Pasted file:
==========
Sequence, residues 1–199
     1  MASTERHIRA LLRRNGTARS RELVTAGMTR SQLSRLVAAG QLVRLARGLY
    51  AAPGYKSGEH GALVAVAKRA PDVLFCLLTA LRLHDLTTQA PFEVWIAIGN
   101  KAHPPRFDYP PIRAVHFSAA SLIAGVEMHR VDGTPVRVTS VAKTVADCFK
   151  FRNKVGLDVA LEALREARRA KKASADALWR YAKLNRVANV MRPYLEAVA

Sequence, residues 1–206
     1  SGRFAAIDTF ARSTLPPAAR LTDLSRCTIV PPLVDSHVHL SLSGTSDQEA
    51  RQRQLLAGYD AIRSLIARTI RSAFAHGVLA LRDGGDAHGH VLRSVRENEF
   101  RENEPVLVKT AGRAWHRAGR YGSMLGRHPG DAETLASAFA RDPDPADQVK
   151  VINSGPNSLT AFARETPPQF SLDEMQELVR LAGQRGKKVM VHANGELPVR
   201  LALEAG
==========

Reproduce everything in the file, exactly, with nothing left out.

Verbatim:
Sequence, residues 1–199
     1  MASTERHIRA LLRRNGTARS RELVTAGMTR SQLSRLVAAG QLVRLARGLY
    51  AAPGYKSGEH GALVAVAKRA PDVLFCLLTA LRLHDLTTQA PFEVWIAIGN
   101  KAHPPRFDYP PIRAVHFSAA SLIAGVEMHR VDGTPVRVTS VAKTVADCFK
   151  FRNKVGLDVA LEALREARRA KKASADALWR YAKLNRVANV MRPYLEAVA

Sequence, residues 1–206
     1  SGRFAAIDTF ARSTLPPAAR LTDLSRCTIV PPLVDSHVHL SLSGTSDQEA
    51  RQRQLLAGYD AIRSLIARTI RSAFAHGVLA LRDGGDAHGH VLRSVRENEF
   101  RENEPVLVKT AGRAWHRAGR YGSMLGRHPG DAETLASAFA RDPDPADQVK
   151  VINSGPNSLT AFARETPPQF SLDEMQELVR LAGQRGKKVM VHANGELPVR
   201  LALEAG